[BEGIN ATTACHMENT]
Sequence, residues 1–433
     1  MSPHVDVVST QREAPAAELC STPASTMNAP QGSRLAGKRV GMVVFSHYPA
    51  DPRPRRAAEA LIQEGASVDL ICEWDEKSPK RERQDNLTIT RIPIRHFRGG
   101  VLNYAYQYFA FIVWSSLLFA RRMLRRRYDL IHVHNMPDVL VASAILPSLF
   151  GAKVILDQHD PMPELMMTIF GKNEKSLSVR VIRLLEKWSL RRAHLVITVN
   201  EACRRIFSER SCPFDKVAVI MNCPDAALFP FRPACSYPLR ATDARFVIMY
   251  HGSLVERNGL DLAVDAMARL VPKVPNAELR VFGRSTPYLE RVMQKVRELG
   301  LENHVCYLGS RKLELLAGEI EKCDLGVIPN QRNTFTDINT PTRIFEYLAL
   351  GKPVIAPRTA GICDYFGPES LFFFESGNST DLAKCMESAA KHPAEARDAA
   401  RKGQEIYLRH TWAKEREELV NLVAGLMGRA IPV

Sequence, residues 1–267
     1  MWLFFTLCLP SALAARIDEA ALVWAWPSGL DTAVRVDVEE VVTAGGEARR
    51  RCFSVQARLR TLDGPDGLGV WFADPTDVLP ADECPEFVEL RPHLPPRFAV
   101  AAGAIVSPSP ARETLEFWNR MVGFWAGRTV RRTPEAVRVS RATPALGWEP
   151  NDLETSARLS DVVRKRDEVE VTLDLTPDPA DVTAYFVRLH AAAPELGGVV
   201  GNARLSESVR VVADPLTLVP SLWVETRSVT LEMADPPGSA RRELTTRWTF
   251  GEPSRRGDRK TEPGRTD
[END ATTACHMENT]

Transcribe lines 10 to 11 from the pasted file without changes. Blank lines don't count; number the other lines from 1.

   401  RKGQEIYLRH TWAKEREELV NLVAGLMGRA IPV

Sequence, residues 1–267